Forensics Meta (I/P)

Resources:

  • http://www.abchs.com/xsecure/chs/coursedocs/SSI_R1/pdf/DigitalForensics.pdf
  • http://www.forensichandbook.com/locards-exchange-principle/
  • http://science.howstuffworks.com/locards-exchange-principle2.htm
  • http://www.forensicdna.com/assets/the_origin_of_evidence.pdf
  • https://www.law.cornell.edu/wex/daubert_standard
  • http://www.forensicsciencesimplified.org/legal/daubert.html
  • https://www.law.cornell.edu/wex/frye_standard
  • http://www.forensicsciencesimplified.org/legal/frye.html

Theory:

Explain the scientific method and Locard’s Exchange Principle, and how they are both relevant in the digital world.

What is the scientific method?

  • Controlled variables in order to establish repeatability

What is Locard’s Exchange Principle?

  • Every time you make contact with another person, place, or thing, it results in an exchange of physical materials. At the same time, you will also take something away from the scene with them.

  • How are they relevant in the digital world, especially in digital forensics? Give examples.

Explain the six parts of the Inman-Rudin Paradigm

  • Transfer, identification, individualization, association between source and target, the divisibility of matter, and reconstruction

Which was added by Inman-Rudin? * Divisibility of matter

Explain the Frye and Daubert Standards, the differences between them, and which is more prevalent

What is the Frye Standard?

  • Frye Standard means that an expert opinion based on a scientific technique is admissible only where the technique is generally accepted as reliable in the relevant scientific community.

What is the Daubert Standard?

  • Daubert Standard means evidence must be the product of sound "scientific methodology" derived from the scientific method

What is the difference between them?

  • Difference is “accepted” vs. “sound scientific methodology”

Which is the modern standard?

  • Daubert is the modern standard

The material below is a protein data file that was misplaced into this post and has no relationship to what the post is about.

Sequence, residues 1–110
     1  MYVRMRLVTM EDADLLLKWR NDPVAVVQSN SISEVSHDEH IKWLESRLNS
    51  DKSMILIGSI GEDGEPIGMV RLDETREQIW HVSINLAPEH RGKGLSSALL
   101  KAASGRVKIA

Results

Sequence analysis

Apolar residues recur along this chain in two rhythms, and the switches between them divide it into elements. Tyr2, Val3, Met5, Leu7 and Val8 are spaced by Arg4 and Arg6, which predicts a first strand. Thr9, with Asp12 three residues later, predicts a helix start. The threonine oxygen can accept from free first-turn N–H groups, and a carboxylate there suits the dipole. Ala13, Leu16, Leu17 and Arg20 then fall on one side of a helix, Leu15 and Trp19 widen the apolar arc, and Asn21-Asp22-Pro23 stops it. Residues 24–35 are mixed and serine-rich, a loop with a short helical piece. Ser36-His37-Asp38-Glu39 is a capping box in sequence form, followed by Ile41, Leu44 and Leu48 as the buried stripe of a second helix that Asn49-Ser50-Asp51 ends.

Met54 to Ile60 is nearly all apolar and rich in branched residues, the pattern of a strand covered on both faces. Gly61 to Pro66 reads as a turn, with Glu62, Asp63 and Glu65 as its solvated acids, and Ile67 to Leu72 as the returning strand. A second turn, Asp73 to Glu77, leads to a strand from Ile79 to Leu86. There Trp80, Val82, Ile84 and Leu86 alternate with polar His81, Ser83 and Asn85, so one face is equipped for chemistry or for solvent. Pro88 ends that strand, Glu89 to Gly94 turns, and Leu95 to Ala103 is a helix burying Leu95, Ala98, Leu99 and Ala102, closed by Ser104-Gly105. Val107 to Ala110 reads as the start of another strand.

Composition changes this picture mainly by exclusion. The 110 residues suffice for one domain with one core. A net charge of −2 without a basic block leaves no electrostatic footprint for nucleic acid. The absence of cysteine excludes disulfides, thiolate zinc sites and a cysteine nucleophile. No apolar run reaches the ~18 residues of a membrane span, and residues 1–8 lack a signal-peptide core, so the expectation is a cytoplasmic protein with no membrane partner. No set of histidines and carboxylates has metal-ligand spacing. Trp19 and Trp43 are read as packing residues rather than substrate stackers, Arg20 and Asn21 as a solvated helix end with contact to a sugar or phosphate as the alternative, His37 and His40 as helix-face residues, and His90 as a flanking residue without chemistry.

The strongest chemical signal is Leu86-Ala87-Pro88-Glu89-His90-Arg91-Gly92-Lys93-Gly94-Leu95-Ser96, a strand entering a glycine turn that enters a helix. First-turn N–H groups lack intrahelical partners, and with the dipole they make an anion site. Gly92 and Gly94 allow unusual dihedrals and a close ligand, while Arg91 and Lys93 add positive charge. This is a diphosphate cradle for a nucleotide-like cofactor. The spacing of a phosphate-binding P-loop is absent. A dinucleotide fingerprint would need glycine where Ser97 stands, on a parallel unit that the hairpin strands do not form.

Walk through the collection steps and explain the order of triage and why, using terms of order of volatility.

 -  Where is the evidence?  List what systems were involved in the
     incident and from which evidence will be collected.

  -  Establish what is likely to be relevant and admissible.  When
     in doubt err on the side of collecting too much rather than not
     enough.

  -  For each system, obtain the relevant order of volatility.

  -  Remove external avenues for change.

  -  Following the order of volatility, collect the evidence with
     tools as discussed in Section 5.

  -  Record the extent of the system's clock drift.

  -  Question what else may be evidence as you work through the
     collection steps.

  -  Document each step.

  -  Don't forget the people involved.  Make notes of who was there and what were they doing, what they observed and how they reacted.

What is the order of volatility? - registers, cache

  -  routing table, arp cache, process table, kernel statistics,
     memory

  -  temporary file systems

  -  disk

  -  remote logging and monitoring data that is relevant to the
     system in question

  -  physical configuration, network topology

  -  archival media

Why is it important to follow this order of triage?

Explain the importance of chain of custody, write blockers, and hashes.

  • What is a chain of custody and why is it important?
  • What are write blockers and why are they important?
  • What are the two main uses of hashes in a forensics case?
Last modified: Monday, 31 May 2021, 12:34 PM